None of this has much to do with Shepherd’s writing, however. And, lest my earlier meaning be misread, none of my earlier comments were supposed to suggest that Shepherd’s informality, this aporetic self doubting (“Okay, so maybe this is self-delusional”), is threaded through the entirety of his book—far from it. Shepherd, I soon realised, writes not with the insouciance of the careless, and not with “informality” as such, but with the openness and directness of a guru. It is, of course, the appropriate tone for a guidebook, something of a Dale Carnegie or Carl Crow done gone academese. And I imagine that, as an “entrepreneurship scholar,” Shepherd’s “down-to-business” style of writing is an asset—and not uncommon in journals in the field of business entrepreneurship, such as the one of which Shepherd is himself the editor, the Journal of Business Venturing. But what I thought would make an interesting and productive addition to my notes, here, were the various references and allusions Shepherd makes to the emotional world of the aspiring scholar, and particularly to the emotional conflicts they face in their attempts to publish their research.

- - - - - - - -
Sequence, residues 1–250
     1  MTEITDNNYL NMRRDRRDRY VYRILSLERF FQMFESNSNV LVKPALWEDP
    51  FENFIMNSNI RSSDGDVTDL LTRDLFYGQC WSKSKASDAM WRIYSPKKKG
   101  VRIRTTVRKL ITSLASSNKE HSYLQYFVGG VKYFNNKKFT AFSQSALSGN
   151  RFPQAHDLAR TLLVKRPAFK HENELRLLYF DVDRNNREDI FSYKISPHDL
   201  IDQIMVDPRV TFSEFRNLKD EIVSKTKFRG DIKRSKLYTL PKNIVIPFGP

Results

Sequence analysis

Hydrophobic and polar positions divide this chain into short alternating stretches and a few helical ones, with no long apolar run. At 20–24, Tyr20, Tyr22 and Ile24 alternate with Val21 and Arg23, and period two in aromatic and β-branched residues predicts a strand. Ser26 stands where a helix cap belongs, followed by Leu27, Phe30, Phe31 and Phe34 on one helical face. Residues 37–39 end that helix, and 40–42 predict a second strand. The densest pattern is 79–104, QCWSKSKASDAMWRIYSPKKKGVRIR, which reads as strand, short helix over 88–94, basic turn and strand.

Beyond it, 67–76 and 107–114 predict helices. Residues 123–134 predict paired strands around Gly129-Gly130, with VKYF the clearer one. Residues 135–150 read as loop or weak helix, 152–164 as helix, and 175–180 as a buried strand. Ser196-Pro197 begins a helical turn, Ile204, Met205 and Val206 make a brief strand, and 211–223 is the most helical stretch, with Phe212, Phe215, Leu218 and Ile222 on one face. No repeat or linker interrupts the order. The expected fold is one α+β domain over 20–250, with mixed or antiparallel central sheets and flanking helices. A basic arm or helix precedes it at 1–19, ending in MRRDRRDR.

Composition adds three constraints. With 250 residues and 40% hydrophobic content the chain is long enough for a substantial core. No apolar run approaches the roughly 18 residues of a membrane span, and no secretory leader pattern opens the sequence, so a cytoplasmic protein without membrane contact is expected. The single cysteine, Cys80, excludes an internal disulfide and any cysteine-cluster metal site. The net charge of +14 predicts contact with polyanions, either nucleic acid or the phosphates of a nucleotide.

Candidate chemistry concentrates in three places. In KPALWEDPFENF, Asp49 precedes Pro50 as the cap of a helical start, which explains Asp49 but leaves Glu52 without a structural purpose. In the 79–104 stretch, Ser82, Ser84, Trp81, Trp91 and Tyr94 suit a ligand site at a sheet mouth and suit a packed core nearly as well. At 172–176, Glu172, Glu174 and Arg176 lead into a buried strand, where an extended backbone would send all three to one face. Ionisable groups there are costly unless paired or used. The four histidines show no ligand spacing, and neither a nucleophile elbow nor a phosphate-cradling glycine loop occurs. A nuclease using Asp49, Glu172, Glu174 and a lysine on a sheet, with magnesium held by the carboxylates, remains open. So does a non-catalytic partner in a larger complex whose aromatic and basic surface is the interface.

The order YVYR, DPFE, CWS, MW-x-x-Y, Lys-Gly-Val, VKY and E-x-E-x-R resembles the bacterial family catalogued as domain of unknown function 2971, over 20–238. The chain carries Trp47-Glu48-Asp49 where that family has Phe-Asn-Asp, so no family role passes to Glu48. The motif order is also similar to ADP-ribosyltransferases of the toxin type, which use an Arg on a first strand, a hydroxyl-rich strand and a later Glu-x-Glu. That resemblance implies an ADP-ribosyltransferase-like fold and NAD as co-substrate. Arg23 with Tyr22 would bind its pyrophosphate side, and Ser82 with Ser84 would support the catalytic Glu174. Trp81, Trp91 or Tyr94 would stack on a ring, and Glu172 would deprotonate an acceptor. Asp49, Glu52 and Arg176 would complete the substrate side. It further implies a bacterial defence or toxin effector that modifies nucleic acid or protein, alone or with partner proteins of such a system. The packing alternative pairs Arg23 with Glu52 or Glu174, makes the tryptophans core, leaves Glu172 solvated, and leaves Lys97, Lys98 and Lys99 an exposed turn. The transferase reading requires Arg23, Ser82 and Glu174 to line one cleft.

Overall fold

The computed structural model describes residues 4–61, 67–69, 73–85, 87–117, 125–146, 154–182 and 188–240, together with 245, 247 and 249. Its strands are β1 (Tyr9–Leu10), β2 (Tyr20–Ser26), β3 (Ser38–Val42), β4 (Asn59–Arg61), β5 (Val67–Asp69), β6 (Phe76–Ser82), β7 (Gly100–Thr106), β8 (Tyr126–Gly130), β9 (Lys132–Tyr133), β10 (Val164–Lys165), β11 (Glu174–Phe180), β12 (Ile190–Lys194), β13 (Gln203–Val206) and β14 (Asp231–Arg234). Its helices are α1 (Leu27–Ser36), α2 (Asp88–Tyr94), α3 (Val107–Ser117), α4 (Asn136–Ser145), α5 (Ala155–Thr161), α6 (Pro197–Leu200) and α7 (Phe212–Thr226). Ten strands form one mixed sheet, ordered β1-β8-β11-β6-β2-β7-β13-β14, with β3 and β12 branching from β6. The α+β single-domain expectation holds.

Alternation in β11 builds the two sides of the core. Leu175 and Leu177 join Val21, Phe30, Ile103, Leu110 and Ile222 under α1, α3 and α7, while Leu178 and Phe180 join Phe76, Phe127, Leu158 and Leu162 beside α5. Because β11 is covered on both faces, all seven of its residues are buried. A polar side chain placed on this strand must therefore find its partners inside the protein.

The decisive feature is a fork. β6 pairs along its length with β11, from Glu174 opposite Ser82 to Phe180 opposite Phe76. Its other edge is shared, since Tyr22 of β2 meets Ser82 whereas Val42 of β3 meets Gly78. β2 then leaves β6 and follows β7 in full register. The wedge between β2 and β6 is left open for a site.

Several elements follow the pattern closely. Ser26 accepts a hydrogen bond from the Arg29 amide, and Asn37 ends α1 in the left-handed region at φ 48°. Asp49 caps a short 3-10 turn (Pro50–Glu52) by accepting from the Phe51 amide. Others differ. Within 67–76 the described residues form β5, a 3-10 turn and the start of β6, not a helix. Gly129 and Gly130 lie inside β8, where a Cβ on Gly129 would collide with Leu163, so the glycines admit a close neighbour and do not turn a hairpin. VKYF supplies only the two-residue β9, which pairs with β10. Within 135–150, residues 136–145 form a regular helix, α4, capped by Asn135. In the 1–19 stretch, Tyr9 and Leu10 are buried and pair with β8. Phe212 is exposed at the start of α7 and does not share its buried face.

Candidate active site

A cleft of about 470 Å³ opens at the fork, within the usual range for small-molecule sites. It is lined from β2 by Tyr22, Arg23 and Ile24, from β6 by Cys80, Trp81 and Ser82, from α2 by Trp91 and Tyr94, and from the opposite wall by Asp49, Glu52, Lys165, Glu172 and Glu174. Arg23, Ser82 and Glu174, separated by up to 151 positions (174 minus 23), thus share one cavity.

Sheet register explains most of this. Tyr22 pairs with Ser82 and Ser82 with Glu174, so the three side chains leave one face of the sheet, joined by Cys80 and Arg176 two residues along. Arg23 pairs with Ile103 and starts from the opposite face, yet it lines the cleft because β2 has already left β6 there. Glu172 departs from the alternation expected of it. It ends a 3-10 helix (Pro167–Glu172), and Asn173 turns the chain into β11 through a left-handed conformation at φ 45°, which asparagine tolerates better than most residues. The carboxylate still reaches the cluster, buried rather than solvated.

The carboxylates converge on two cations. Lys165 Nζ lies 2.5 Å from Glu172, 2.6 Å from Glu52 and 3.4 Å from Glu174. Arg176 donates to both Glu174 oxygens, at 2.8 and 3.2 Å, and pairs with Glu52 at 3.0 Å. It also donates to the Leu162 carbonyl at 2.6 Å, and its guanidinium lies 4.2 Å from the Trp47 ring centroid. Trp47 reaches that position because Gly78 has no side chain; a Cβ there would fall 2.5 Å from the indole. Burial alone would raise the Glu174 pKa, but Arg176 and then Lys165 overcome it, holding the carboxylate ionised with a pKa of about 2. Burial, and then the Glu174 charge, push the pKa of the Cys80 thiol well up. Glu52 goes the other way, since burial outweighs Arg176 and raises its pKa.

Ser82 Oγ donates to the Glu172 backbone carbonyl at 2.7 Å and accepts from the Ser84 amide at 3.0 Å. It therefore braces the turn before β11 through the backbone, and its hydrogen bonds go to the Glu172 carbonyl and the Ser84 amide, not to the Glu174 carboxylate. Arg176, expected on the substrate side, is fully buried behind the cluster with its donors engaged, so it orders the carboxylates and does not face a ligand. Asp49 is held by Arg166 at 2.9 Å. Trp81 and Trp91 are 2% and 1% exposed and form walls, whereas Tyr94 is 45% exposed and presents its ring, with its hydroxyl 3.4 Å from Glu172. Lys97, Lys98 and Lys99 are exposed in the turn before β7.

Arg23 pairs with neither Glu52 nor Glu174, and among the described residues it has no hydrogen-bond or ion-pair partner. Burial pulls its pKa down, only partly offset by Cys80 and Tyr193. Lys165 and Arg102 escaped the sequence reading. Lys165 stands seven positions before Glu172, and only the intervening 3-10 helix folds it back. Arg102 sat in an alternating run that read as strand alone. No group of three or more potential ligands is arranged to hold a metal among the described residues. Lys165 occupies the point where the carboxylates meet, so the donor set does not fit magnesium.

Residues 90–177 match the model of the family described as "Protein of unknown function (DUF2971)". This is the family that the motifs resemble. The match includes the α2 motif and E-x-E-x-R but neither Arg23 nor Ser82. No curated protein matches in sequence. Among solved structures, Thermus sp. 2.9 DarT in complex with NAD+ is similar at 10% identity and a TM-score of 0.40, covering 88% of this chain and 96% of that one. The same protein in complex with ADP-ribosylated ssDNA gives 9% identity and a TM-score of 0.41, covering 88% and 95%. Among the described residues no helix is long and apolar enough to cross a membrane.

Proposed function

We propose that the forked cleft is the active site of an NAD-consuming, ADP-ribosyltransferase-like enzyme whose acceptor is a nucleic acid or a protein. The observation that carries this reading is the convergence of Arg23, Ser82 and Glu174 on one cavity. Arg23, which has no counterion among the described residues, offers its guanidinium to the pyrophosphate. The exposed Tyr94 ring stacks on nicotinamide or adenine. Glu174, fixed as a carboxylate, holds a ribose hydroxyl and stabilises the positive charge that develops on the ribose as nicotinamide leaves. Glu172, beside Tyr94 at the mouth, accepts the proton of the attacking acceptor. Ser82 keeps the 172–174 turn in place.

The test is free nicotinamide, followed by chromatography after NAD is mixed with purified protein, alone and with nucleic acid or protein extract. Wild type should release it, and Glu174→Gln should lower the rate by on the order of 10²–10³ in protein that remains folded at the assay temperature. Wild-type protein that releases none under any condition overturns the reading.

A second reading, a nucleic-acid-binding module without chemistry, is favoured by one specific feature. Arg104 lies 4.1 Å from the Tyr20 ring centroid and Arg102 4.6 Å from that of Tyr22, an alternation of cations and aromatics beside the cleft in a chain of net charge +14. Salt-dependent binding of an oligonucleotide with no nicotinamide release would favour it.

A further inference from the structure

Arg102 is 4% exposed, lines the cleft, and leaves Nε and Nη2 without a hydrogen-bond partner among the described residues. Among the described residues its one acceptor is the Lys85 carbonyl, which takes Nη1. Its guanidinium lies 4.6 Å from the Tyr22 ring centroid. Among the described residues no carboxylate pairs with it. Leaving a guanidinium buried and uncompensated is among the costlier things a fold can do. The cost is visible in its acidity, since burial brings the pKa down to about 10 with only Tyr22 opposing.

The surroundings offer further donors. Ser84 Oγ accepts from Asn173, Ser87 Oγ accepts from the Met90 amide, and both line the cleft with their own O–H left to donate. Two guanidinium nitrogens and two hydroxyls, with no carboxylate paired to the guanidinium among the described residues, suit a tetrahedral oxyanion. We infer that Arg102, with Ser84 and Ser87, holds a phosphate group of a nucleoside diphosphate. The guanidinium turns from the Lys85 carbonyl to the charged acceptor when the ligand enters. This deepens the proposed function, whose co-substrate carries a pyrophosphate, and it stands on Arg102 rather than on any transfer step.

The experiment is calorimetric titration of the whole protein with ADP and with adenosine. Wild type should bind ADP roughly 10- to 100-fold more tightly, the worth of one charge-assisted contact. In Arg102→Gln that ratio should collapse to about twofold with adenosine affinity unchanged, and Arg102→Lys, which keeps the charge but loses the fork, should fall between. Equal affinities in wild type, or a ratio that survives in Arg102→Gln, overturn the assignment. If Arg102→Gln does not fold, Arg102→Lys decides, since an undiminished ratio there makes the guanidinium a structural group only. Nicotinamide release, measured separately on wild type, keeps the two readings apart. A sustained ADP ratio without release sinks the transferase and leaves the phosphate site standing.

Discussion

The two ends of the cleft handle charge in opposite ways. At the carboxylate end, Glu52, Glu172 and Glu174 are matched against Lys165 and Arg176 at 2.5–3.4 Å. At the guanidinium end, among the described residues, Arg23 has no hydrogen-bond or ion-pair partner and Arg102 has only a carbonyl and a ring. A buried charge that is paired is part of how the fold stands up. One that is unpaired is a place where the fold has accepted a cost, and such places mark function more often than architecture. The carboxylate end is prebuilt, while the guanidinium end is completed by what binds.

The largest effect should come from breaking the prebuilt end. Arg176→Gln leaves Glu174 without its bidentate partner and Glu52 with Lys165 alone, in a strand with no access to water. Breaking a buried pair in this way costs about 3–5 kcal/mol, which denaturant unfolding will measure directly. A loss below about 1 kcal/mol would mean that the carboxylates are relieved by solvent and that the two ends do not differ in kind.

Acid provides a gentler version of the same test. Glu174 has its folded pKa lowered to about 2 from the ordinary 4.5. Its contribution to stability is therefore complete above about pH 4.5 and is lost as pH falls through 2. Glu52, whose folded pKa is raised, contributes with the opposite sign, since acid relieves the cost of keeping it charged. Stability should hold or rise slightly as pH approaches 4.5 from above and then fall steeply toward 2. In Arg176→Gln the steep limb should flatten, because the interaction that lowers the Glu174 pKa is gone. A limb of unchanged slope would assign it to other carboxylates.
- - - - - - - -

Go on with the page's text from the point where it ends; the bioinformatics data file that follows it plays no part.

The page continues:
In the opening chapter, Shepherd discusses the unusually buoyant attitude he took to the revise-and-resubmit (“R&R”) decision letter while still a doctoral student: “Believe it or not,” he writes, “I was excited when I received a rejection letter,” excited “that three scholars had read my work, found something interesting in it, and provided me feedback.”2 And while Shepherd implies that he “no longer feels” as positive about receiving R&Rs as he did then, he does continue to feel more positively about them than most of his colleagues, one of whom, when they asked him “how to deal with the negative emotions associated with such a decision letter,” prompted incredulity on his part.3 But what Shepherd writes next about his process is worth quoting at length, if only because few scholars seem to have written as candidly as he does of their emotional reactions to R&R letters—that is, of the way in which they have learnt to manage their own emotions. But this long quotation will also allow me to quickly look at the tropological figures Shepherd produces to explain his emotional defences against the familiar melancholy of dejection: